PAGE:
By on February 3, 2018

(TTAC Hot Takes are video roundup posts which will occur whenever we can get Michael Accardi into hair and makeup. These posts are a mandate of our VerticalScope overlords, who are fascinated with the new video medium of YouTube. Watch our other videos here.)

There are incentives and grid girls this week, but only one of those things isn’t banned. Michael has more info:

Video Acting

Premium Select Comments

FreedMike and other commenters agreed with Jack that the best Chevrolet Spark is a used one:

I actually looked at this and a Versa for my daughter. Jack’s right on the money here – it’s a thoroughly decent little car, and it’s radically better to drive than the Versa.

If she could pick a mildly used one up for seven or eight grand, she’d have a great little commuter-mobile for her first few years of post-college employment.

After our QOTD about your worst commute, commenter Babe Ruthless had a grisly story from a massive accident in Rio de Janeiro:

This was a few years ago, 2013 if I’m not mistaken. Rio de Janeiro. The “Yellow line” is an urban highway here that restricts large truck traffic during the day. Some yahoo in a dump truck decided to drive in it anyway, except with the truck bed up to avoid a ticket from one of the automatic numberplate readers. In high speed – you know, to make this quick and further avoid detection.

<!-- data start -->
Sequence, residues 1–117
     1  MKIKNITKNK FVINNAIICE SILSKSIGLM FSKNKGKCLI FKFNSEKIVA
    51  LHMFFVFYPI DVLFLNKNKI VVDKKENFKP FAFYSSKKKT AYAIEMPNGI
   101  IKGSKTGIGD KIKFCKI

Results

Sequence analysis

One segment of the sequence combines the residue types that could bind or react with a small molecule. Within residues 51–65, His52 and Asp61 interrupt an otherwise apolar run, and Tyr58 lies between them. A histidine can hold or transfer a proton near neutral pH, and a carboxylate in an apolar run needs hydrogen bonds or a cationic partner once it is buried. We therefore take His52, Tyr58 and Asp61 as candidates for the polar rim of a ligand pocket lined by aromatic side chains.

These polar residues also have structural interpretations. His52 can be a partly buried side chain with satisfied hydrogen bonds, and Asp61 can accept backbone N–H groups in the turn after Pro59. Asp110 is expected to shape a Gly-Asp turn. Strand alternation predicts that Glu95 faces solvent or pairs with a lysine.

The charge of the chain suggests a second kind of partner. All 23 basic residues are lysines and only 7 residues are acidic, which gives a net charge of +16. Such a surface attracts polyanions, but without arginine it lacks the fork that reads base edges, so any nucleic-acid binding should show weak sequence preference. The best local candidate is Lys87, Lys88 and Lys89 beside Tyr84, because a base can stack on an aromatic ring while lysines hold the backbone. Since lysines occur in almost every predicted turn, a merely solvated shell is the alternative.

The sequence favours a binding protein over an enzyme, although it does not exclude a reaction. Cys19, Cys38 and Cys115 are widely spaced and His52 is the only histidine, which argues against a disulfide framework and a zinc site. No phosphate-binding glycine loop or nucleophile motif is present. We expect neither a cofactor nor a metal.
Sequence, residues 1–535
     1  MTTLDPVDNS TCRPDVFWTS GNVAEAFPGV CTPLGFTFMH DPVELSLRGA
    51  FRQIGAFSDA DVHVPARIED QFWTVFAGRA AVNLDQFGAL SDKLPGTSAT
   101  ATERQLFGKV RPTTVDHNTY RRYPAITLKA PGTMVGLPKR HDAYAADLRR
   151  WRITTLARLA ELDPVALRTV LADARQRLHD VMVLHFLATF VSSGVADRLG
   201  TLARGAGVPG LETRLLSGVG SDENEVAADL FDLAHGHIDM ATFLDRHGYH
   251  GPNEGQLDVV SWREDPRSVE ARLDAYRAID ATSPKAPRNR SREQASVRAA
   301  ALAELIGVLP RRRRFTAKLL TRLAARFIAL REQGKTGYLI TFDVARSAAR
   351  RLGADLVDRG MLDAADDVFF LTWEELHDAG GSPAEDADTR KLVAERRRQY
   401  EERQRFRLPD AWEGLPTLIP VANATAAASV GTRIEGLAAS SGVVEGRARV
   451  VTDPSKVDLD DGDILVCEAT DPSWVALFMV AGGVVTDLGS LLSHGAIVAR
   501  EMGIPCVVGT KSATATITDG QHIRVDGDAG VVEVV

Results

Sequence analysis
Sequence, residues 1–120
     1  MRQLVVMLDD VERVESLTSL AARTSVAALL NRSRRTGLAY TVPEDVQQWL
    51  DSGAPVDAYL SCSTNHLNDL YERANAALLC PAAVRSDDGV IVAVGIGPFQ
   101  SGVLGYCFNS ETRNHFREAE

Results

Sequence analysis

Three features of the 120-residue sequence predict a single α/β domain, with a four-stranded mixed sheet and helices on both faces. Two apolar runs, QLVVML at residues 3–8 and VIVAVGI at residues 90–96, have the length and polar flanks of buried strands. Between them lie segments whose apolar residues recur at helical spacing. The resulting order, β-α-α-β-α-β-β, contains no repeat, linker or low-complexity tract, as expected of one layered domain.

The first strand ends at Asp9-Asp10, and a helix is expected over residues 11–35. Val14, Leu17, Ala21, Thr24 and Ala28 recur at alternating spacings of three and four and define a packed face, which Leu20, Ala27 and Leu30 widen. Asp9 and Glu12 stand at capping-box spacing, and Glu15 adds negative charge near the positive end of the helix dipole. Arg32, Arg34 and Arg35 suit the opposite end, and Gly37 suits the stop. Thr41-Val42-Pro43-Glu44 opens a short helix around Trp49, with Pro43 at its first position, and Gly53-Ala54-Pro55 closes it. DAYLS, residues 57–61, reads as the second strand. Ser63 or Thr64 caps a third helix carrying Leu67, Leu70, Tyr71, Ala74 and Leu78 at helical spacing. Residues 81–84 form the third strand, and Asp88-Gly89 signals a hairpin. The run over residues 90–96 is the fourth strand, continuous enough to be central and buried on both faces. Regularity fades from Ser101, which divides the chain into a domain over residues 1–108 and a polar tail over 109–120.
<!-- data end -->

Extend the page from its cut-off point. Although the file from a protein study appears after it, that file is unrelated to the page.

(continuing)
Said truck rammed its bed into an elevated pedestrian walkway, sending three people plunging to their deaths in a concreted river in the middle of the highway and bringing down the pedestrian walkway. There it stood, collapsed across the road in both directions.

Now this is a major tolled highway linking Rio’s densely populated Northern and Western regions. Gridlock lasted the whole day. Thankfully I wasn’t anywhere near near the rougher neighbourhoods this road dissects, but at some point I did see people running (on foot) from trouble up ahead. You see, they abandoned their cars because gangs from said rough neighbourhoods decided to make it day and began to rob commuters, stranded in their cars, at gunpoint. Sitting ducks as it were.

The criminals didn’t come as far as the point where I was ‘parked’. You can only carry so many iPhones, laptops, wallets and purses while on foot. I did consider leaving the car behind though, when I saw elements of Rio’s notoriously trigger-happy military police, also on foot, making their way to wherever all this was going on. It’s a bad, bad idea to be a bystander in those situations and to be honest the bandits tend to be more sparing in their use of firearms.

I stood my ground though, and after several hours – maybe three and a half – city officials managed to divert my section of gridlock to a nearby exit. It was another hour before I reached a parking garage near a metro station, left the car and took a metro, bus and taxi ride home.

In 2014 I moved from a nice two-story house with a swimming pool to a small flat a block and half away from a metro station. And sold my car soon after. Wife still has a car, bless her. Not me.